Supply And Demand At Play In The Super Bowl
February 2, 2001
In any free market, prices equalize supply and demand. And nowhere was that more obvious than in the clamor for scarce Super Bowl tickets.
- Considering the demand, the face value listed on most Super Bowl tickets this year was a ridiculously low $325 -- which invited a secondary market involving ticket brokers, scalpers and online auction sales.
- So a week before the Big Game, tickets were selling from $1,500 to $3,500.
- The National Football League could raise ticket prices to market levels, but does not do so for public relations reasons.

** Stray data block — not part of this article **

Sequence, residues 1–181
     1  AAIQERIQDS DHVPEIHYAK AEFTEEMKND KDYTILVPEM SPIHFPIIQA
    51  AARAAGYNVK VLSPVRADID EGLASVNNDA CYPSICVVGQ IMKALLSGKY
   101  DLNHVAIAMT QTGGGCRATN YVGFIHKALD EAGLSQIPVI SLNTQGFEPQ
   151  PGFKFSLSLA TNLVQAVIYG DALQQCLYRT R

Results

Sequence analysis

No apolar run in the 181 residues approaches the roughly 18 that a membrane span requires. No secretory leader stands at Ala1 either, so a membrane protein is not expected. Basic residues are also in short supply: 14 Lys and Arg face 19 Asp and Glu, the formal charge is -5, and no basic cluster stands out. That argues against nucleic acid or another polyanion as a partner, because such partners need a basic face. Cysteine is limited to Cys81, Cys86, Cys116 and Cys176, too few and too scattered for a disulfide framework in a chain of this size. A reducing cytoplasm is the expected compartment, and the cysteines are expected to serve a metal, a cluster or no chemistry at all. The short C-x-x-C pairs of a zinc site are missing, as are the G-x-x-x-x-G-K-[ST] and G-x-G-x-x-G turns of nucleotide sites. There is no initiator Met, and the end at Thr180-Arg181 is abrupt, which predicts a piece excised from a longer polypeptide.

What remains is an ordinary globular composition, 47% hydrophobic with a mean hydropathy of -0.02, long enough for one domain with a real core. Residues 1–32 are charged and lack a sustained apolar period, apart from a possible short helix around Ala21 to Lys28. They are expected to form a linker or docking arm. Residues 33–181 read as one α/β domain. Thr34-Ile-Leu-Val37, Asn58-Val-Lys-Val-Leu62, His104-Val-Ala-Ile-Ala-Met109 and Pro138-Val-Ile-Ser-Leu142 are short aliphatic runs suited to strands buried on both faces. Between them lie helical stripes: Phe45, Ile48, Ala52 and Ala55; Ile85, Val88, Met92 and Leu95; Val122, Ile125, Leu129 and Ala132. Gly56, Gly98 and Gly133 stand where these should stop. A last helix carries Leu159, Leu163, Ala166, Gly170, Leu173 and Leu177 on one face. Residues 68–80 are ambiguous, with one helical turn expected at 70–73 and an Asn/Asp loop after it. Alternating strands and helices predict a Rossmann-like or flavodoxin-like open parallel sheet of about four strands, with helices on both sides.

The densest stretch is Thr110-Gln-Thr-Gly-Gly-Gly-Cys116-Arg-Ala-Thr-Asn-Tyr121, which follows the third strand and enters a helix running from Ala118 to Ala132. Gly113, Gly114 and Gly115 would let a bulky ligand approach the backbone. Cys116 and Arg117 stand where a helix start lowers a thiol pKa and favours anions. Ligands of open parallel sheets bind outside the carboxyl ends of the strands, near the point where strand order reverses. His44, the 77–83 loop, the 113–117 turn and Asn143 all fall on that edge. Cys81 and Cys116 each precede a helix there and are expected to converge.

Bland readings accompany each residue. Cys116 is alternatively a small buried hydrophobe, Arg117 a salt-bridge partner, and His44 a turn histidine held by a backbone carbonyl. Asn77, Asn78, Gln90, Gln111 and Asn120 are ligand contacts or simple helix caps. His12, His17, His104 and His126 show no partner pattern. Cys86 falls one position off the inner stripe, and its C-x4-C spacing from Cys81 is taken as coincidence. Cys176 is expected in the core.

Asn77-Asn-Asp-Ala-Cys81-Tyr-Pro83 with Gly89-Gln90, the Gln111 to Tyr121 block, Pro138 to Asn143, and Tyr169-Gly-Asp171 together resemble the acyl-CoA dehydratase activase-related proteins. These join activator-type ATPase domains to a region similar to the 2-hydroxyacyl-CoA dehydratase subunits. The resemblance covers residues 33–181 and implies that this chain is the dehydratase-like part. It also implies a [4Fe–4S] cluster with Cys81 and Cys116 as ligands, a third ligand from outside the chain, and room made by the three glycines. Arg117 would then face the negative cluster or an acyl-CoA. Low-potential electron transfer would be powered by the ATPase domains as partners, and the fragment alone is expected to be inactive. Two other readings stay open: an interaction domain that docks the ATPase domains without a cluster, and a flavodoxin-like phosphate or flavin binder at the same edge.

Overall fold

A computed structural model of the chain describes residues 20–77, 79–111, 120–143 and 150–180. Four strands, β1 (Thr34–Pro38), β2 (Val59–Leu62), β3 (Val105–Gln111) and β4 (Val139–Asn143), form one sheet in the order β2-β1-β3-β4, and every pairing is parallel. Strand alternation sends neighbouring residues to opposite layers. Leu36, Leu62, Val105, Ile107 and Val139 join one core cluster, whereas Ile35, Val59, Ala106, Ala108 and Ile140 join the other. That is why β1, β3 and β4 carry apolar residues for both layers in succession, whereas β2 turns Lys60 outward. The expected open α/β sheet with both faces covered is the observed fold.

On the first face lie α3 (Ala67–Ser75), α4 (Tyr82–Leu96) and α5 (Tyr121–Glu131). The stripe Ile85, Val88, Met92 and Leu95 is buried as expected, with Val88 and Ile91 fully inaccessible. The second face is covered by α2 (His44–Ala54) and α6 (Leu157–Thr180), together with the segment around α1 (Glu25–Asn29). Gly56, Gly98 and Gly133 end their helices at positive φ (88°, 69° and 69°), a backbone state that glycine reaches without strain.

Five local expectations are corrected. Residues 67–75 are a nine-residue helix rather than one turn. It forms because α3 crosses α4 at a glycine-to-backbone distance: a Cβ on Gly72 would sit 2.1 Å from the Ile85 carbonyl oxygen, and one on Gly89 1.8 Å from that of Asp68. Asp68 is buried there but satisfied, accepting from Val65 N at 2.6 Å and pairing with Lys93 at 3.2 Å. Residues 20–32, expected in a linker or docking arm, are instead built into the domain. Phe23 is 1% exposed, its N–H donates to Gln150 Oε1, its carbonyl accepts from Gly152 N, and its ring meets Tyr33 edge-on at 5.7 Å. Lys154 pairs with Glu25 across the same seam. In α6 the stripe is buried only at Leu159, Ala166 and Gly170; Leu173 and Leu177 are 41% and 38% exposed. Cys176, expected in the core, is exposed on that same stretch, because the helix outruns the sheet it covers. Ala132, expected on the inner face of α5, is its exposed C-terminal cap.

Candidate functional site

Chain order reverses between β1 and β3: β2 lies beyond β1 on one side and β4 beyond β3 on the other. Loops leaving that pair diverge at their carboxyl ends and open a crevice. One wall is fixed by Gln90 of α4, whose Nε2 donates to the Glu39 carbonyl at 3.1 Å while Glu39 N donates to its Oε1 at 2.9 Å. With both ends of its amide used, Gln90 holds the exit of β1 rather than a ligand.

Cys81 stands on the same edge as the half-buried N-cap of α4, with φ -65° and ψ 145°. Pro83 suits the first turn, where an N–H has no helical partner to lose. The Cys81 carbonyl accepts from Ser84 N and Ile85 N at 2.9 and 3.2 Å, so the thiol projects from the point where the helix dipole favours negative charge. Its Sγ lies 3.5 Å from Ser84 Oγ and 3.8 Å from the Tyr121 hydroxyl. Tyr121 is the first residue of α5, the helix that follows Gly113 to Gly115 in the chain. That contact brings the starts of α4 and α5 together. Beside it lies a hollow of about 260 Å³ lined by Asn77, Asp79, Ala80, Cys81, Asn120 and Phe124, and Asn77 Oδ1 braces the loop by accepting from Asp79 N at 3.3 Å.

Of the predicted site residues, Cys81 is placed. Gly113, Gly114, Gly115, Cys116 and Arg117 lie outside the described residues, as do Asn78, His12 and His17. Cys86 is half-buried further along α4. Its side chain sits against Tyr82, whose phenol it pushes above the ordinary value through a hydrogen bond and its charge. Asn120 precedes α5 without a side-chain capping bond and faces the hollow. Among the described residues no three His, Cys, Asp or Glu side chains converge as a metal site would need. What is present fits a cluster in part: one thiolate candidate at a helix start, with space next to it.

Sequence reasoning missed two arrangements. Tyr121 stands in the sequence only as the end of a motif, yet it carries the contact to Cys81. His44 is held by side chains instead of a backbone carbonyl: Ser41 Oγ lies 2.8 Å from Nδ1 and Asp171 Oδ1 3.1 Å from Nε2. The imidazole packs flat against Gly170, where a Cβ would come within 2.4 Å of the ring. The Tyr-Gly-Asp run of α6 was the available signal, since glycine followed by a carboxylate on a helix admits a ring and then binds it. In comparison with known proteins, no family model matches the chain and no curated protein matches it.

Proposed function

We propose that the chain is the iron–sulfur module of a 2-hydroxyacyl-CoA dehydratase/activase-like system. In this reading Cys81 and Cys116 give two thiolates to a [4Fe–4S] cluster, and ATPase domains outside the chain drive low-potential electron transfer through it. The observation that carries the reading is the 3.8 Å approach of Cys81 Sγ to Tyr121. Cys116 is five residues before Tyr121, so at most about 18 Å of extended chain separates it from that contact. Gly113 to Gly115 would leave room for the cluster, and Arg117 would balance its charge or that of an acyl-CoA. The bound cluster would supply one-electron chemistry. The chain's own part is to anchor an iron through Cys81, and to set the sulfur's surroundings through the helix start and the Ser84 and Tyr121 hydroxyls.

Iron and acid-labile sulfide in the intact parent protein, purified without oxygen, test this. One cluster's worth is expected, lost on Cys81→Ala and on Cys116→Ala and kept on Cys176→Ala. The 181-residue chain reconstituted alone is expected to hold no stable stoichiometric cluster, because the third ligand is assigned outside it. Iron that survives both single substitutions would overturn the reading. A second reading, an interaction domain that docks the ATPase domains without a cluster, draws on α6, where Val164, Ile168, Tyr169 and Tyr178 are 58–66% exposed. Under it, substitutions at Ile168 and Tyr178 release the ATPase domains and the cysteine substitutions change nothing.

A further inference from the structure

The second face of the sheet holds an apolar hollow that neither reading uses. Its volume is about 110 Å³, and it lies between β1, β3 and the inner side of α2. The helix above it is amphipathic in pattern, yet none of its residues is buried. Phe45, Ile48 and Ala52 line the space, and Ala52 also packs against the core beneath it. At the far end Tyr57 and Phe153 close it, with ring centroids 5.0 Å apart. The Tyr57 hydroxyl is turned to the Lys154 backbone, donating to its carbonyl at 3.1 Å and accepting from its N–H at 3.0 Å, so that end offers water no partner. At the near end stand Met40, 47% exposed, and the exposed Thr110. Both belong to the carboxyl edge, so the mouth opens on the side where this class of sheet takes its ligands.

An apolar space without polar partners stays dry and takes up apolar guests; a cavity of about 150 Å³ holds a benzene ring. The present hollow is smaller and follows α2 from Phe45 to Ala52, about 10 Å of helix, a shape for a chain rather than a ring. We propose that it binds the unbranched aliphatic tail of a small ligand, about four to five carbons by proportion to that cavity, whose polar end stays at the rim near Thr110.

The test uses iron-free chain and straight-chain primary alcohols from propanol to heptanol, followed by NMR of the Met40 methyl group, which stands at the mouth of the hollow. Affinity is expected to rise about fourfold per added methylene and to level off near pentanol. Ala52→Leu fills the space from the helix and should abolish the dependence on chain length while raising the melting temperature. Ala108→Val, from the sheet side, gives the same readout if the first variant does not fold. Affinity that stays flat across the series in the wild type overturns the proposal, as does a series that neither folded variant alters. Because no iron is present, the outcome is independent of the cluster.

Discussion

Fans who won the right to buy Super Bowl tickets at $325 each in a lottery set up by the NFL generally decided to keep their tickets, even though they could make a few thousand bucks by selling them. And when asked if they would have paid $3,000 for a ticket if they had lost in the lottery, 93 percent of ticket holders said they wouldn't.
Richard Thaler, an economist at the University of Chicago, calls this phenomenon an "endowment effect." The value people place on goods increases once it is added to their possessions.
Source: Alan B. Krueger (Princeton University), "Economic Scene: Seven Lessons About Super Bowl Ticket Prices," New York Times, February 1, 2001.
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